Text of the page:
The river was more than a place for boats to travel or for people to catch fish during those times in the fifities when the river water was still clean and free of pollution.  During the month of December, exactly on December 9, a fluvial parade featuring a pagoda on a barge was held to celebrate the feast of the Immaculate Conception which is the patron saint of this part of Malabon where we lived. This custom is continued to this day and I believed was and might still be sponsored by the company my Nanang Fina established. I remember days before the pagoda set sail, people from the factory planning, building and decorating it especially the focal point where the statue of the Blessed Mother would be perched. For photos of the fluvial parade. you can visit this website Chasing Philippines,

The statue of the Blessed Mother was carried on the shoulders of several men who transported it to the pagoda starting from the church with people in a procession on foot.  The pagoda by that time would have been decorated with lights, flowers and balloons.

Also part of the day's fiesta celebration was the fireworks show that was actually performed across the river from our house on the shore of Navotas, the adjoining town to Malabon.  I remember as a child, fearing some of the relatively harmless remnants of the fireworks descending on me which I brushed off with my hand while screaming.

Before this show, we would eat a big feast attended by guests of my grandmother's seven children.  I remember several people on tables strewn around the compound feasting on the food prepared by cooks imported from another town.  My favorite dish served was the paella to which I compared every one I have ever eaten of this dish ever since.   Once we heard the blaring music from the pagoda we would run quickly from where we were eating and to the short wall that separated the grounds of the house from the river. We would try to fight for the space that had the best view of the beautifully decorated barge bearing the Blessed Mother.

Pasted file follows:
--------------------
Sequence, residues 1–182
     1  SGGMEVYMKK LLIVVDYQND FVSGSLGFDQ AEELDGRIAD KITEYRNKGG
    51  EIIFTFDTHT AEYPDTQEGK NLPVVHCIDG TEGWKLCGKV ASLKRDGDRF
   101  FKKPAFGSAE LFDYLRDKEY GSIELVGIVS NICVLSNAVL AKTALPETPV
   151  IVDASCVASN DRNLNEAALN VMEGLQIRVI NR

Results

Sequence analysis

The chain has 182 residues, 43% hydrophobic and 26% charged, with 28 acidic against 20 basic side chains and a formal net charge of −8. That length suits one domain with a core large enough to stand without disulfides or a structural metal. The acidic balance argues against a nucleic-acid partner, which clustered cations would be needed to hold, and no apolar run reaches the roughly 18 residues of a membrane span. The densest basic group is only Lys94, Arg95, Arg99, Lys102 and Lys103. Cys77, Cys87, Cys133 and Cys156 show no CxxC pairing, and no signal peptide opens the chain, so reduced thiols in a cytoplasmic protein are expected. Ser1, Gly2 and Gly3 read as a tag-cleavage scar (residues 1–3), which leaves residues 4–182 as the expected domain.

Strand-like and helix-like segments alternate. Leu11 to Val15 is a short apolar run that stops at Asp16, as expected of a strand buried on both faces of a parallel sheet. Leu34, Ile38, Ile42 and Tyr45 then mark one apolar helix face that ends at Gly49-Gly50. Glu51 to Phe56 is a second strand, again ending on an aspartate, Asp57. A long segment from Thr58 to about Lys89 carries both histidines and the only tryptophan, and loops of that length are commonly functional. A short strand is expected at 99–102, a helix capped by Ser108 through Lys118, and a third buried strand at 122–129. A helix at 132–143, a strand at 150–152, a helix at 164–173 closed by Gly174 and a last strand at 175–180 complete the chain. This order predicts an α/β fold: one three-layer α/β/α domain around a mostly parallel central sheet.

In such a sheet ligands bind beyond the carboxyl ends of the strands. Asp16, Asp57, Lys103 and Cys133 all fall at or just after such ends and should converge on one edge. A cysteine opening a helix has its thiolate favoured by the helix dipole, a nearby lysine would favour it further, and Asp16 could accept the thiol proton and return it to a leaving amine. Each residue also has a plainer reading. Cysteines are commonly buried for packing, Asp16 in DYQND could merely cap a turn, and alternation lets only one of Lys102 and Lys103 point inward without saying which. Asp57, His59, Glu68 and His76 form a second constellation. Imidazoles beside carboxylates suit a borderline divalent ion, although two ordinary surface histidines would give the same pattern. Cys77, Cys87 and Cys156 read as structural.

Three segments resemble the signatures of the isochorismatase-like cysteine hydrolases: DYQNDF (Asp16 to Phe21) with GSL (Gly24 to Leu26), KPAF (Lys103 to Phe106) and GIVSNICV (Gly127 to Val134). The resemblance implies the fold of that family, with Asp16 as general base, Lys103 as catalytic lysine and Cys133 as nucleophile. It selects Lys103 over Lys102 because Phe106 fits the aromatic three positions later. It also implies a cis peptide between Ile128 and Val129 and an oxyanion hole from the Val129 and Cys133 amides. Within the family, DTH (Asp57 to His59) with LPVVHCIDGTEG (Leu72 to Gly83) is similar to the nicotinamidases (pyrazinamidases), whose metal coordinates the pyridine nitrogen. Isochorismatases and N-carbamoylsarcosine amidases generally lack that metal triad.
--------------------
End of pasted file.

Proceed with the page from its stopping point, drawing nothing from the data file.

Prayers recited in that monotone voice by the leader were also said and could be heard amidst the sound of the Ave Maria music and fireworks. After all this was more than a parade it was a religious procession except it was held water with the swarm of people packed like sardines moved by the boat rather than by walking.

The last time I attended the fiesta was in the early nineties with my two young children.  We were all suffering from jet lags being the first few days of our Philippine trip visiting from the United States. I remember still running when I heard the familiar sound signalling the pagoda was coming and I still jostled for the best spot to view it. I was glad my children were too sleepy to see me do these childish behaviours.

Glitzy as this fluvial parade is, my favorite memories of the river were still those of the vehicles that passed through it everyday. I would never forget the serenity of the fishermen in the bamboo rafts especially against the backdrop of the setting sun.  The ordinariness of these scenes of everyday life to me then and especially now is just as colorful as the fully decked out pagoda with all its pomp and pageantry. I am grateful for both the ordinary and extraordinary parts of my stay in the house by the river. I learned from both of them how my faith, culture and experience have shaped who I am now.